” It is very frustrating that we have another report from the Australian National Audit Office raising serious concerns about the Department of the Prime Minister and Cabinet’s management of Indigenous Affairs. ,
In this case, it is the arrangements for the evaluation of the Indigenous Advancement Strategy which is a multi-billion dollar investment.
The report tells us that five years after the introduction of the IAS, the Department is only in the early stages of implementing an evaluation framework and that there has been substantial delays.
That is not good enough for the Department in charge of the Australian public service. ”
Pat Turner NACCHO CEO
Download the full ANAO report HERE
“The prime minister’s department acknowledged the findings of the audit report but said the strategy was set up within a “very challenging timeframe”.
It was “moving into a more mature phase of implementation that draws on lessons learned”.
The report made four recommendations, which the department agreed to and was already working to meet.
It intended to revise the strategy’s guidelines, and improve the application process and its own record keeping.
The Indigenous Australians minister, Ken Wyatt, said he “acknowledges the frustration we all share that we are not seeing quick enough progress on closing the gap between Indigenous and non-Indigenous Australians”.
“This is why Coag has agreed governments – both commonwealth and states and territories – and Aboriginal and Torres Strait Islander people will share ownership of and responsibility for a jointly agreed framework and targets and ongoing monitoring of the Closing the Gap agenda,” he said.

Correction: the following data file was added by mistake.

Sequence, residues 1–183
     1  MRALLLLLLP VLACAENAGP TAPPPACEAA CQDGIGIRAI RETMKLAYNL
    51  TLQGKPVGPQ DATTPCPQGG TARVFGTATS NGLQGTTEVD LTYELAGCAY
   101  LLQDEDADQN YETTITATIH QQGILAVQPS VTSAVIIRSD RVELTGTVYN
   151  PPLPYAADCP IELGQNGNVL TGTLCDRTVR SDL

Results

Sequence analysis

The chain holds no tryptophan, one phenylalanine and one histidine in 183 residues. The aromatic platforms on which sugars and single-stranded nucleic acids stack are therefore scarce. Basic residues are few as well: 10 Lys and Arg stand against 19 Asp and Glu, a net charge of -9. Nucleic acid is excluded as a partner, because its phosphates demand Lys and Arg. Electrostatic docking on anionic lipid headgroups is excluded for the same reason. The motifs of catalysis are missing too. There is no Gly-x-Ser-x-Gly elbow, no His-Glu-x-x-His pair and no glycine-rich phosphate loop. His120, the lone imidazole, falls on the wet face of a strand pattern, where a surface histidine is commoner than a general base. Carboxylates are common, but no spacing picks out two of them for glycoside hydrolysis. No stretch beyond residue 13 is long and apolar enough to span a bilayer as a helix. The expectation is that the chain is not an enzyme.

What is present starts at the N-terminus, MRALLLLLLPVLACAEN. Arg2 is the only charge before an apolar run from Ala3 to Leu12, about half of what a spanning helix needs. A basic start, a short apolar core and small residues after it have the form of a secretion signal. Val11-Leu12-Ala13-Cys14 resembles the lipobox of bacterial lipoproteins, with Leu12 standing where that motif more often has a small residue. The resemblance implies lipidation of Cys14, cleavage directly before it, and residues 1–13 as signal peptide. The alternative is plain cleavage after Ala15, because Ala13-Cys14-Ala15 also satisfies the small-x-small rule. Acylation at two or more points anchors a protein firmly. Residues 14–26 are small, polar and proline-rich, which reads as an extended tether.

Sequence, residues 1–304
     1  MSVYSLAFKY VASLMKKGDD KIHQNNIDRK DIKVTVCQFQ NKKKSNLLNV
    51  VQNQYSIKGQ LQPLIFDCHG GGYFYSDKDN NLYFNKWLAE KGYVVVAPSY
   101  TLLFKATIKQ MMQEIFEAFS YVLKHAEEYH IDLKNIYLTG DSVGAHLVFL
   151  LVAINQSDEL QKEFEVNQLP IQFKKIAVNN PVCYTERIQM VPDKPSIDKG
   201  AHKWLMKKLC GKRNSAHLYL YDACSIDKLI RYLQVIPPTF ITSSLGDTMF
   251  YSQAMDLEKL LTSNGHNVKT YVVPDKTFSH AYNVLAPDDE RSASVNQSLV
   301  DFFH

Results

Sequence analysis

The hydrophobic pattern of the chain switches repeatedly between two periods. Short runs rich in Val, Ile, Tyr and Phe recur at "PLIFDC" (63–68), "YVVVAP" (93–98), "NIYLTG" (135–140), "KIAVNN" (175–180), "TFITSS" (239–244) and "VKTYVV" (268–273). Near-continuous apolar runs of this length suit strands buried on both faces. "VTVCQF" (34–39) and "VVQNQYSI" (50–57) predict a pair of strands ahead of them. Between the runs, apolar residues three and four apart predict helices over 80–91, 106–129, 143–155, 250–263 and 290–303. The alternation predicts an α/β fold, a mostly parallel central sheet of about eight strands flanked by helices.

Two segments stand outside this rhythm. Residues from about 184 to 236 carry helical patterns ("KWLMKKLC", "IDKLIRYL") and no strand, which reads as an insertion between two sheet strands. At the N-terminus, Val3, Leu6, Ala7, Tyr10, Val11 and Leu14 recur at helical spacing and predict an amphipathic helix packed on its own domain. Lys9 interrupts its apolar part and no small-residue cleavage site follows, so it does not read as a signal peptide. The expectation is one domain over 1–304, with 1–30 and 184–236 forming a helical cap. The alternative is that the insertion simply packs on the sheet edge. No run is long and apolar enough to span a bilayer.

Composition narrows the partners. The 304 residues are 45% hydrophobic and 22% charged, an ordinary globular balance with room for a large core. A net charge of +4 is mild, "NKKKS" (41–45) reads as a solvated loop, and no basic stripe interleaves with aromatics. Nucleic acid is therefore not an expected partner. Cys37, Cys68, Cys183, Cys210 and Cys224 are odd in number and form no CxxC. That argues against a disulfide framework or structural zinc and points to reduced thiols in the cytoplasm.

Labor, the Greens and peak Indigenous groups say the government must overhaul its Indigenous advancement strategy after a report found that the $5.1bn program was not being properly evaluated and did not align with the government’s policy objectives.
From The Guardian 19 June
” After five years and $4.8 billion dollars, a new Auditor General’s report has revealed the Liberals and Nationals still can’t say whether their Indigenous Advancement Strategy is working.
Serious questions about the administration of the IAS have been swirling for years. Funding decisions have been notoriously opaque and the effectiveness of many programs is unclear.
This new report confirms the IAS has been operating for years without proper evaluation processes. Despite the former Minister being warned by his Department in 2016:
“At some point the current situation will become untenable as it is not sustainable to continue to fund activities that lack a good evidence base.”
[ANAO Report, p21, 2019]
Labor Response to ANAO report
Download Press Release Here
The Department of the Prime Minister and Cabinet (PM&C or the department) has been the lead agency for Aboriginal and Torres Strait Islander Affairs since 2013.
With the introduction of the Indigenous Advancement Strategy (IAS) in 2014, 27 programs were consolidated into five broad programs under a single outcome, with $4.8 billion initially committed over four years from 2014–15.